The new owner’s admirable plans and the subsequent landmark designation in 1970 would seem to have guaranteed the structure’s future.  Nothing could be farther from the truth. 

The house survived relatively intact through the 1970s.  In 1973 Barbara Hirschl opened Touchstone on the first floor, an art gallery “for artists who’ve never had a New York gallery show.”  New York Magazine said on April 30, 1973 that to see the artwork “in this long room with its two fireplaces, elegant white walls, high ceilings and hand-carved pine windows and doors, is to know just why  Barbara did it.”

A year later The New York Times art critic John Russell agreed.  In reporting on the opening of Otello Guardacci’s exhibition here, he said “This is one of the prettiest houses in town, built in 1845 and still blessed with its original carved doorways and window frames.”

But when Sol Goldman took possession of the vintage building, things declined rapidly.  Once the largest private landlord in New York City, Goldman died in 1987.  Little by little the landmarked house was allowed to disintegrate.  Landmarks Preservation Commission Chairman Robert B. Tierney issued a statement saying “We tried for years to get them to do the right thing by this building, but the owners refused.”  A building inspection in 1995 noted that it was “open to the elements.”

In 2010 the AIA Guide to New York City lamented “with each edition of this Guide less remained [of the house].”  The Samuel T. Skidmore mansion was near collapse.  In 2002 the roof had caved in.  Within the previous few years, according to Margaret Halsey Gardiner, executive director of the Merchant’s House Museum (the old Seabury Tredwell house), “with each passing year and each fire and each wall collapse” more of the original elements—shutters, doorknobs, the stairway newel post—were spirited away .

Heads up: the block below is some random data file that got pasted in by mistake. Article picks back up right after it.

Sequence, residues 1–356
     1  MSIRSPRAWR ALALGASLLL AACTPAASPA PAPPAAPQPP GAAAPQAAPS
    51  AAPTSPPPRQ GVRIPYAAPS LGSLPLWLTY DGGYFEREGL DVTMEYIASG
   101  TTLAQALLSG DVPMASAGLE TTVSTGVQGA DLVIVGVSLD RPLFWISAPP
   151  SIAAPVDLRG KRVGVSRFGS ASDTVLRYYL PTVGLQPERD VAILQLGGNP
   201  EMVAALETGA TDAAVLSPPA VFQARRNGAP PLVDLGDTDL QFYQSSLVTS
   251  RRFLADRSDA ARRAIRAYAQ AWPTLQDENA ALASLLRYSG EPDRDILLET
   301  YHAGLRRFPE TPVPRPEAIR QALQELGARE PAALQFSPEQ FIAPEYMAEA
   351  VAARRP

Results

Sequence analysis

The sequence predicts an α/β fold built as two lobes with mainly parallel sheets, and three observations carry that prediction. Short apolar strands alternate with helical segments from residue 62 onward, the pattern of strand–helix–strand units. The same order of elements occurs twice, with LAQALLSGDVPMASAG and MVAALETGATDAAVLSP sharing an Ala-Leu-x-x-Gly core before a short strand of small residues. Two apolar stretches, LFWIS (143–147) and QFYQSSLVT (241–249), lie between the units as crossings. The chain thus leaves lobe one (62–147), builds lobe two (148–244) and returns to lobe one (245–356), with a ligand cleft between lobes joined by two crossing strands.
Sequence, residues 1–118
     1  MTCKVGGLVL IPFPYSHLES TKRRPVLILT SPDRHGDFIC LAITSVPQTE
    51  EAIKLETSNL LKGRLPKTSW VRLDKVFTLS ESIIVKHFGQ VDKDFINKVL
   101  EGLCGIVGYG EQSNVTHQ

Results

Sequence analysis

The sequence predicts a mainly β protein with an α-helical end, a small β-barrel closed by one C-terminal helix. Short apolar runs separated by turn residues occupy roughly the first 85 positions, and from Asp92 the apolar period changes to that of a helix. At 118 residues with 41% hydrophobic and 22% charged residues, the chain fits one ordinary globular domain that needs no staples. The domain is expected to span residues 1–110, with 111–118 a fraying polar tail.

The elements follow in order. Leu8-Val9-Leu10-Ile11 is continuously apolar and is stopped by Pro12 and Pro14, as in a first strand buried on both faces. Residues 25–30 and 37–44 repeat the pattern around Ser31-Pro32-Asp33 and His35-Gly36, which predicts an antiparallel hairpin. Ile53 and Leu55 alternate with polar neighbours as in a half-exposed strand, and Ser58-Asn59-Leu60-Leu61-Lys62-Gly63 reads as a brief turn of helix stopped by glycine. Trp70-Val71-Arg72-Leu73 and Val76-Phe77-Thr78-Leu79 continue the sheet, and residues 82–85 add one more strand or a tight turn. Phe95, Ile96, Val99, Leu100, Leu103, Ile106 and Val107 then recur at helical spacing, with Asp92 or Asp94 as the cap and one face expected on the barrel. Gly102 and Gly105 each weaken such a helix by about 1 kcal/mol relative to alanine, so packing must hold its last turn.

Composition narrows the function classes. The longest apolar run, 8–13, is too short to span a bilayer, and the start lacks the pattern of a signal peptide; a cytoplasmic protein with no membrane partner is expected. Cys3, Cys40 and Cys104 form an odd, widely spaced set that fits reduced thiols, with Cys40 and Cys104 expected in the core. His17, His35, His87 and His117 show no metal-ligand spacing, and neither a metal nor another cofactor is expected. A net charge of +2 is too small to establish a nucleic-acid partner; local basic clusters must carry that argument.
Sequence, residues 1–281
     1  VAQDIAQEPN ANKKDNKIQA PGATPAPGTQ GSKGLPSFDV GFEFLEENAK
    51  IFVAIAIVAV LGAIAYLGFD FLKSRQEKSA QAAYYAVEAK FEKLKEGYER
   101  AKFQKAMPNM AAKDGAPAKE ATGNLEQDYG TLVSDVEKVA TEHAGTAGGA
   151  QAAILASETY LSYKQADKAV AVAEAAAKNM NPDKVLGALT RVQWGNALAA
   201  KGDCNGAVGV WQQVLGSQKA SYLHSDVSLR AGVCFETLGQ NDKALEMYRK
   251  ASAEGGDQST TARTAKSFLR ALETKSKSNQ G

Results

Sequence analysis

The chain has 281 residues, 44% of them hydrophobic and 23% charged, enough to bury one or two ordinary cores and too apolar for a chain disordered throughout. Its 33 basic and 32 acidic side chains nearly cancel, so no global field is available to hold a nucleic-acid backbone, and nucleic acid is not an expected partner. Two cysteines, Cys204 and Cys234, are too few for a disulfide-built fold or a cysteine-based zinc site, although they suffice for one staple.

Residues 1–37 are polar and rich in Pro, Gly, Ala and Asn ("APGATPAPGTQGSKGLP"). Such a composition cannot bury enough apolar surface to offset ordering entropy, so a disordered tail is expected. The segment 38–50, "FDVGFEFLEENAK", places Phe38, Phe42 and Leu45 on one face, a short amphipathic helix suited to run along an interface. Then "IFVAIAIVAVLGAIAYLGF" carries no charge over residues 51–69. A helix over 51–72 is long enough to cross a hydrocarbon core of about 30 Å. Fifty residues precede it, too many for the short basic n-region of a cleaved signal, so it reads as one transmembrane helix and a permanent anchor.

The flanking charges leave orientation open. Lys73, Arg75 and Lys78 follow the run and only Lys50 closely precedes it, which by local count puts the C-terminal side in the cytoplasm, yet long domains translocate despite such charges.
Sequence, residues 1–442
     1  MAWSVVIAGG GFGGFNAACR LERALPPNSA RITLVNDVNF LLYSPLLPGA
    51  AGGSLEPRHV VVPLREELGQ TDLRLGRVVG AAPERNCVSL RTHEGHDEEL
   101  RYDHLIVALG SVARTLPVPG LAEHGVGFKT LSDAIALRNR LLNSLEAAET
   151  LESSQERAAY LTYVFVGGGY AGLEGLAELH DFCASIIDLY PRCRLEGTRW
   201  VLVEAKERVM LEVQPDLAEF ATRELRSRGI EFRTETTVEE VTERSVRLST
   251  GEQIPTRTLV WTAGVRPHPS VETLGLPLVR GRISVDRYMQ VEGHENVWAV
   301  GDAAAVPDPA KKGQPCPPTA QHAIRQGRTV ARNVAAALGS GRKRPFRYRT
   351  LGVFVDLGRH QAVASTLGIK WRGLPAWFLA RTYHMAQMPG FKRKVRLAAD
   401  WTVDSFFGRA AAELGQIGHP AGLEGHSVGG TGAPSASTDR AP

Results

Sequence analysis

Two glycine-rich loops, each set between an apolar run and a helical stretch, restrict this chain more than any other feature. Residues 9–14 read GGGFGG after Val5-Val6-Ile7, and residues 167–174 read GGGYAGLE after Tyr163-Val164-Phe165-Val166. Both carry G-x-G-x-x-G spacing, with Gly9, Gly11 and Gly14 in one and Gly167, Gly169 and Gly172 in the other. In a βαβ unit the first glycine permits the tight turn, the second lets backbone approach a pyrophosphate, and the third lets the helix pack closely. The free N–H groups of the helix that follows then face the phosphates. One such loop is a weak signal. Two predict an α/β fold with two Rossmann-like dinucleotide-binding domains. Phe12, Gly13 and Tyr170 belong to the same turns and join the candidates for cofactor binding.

Finally the Landmarks Preservation Commission sued the estate of Sol Goldman.  Tierney said “after it became clear to us that they had no intention of taking care of this historically significant building, we sued.” 

Justice Walter B. Tolub of the State Supreme Court issued his ruling in December 2004.  The owners were ordered to “permanently repair and restore the exterior.”  Tierney hoped the ruling would send “a clear message that demolition by neglect will not be tolerated.”

The Atlantic Development Group leased the abandoned house, the windows of which were by now bricked up.  Working with the Landmarks Preservation Commission and conservationists, the firm of Gerner Kronick & Valcarcel Architects studied period houses and Thomas Thomas & Son’s original drawings.

When this photograph was taken in the late 20th century, the house was just beginning to show neglect -- from the collection of the Museum of the City of New York http://collections.mcny.org/C.aspx?VP3=SearchResult_VPage&VBID=24UAYWHBP5W4&SMLS=1&RW=1366&RH=631

Although the original details evident when Touchstone gallery was here had been ripped out or lost through fire and decay; the exterior was intact although highly abused.  By November 2010 the $4 million restoration and conversion to apartments was completed. 

Amazingly, the Skidmore house—snatched from devastation at its final hour—is reborn.  A reproduction cast iron fence approximates the original and six-over-six windows fill the openings, once bricked shut.  The sidelights and transoms of the entry have been restored and, most miraculous, the original door survives.

photographs taken by the author